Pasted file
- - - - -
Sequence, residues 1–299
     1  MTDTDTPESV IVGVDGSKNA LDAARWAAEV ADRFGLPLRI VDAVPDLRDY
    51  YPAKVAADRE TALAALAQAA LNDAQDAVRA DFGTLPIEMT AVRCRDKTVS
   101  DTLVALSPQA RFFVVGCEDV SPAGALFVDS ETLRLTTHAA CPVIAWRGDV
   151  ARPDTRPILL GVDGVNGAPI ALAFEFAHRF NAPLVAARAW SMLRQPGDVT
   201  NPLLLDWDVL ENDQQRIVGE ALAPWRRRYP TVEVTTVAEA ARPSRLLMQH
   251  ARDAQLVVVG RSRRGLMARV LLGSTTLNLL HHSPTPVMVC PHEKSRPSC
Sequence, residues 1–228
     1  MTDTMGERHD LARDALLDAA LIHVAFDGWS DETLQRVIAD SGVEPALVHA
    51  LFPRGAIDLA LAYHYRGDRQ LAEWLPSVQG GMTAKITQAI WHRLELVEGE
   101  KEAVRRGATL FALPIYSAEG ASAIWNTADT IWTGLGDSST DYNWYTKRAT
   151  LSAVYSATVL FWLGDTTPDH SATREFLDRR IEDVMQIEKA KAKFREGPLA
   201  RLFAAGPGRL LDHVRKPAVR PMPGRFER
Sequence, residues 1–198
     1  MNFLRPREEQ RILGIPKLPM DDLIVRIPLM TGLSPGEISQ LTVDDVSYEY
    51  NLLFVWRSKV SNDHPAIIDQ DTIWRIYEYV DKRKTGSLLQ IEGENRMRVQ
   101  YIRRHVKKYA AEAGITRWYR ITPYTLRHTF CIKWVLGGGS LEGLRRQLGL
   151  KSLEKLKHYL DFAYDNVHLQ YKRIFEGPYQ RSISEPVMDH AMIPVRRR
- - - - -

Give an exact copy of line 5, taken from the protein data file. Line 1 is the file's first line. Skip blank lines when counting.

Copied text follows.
   151  ARPDTRPILL GVDGVNGAPI ALAFEFAHRF NAPLVAARAW SMLRQPGDVT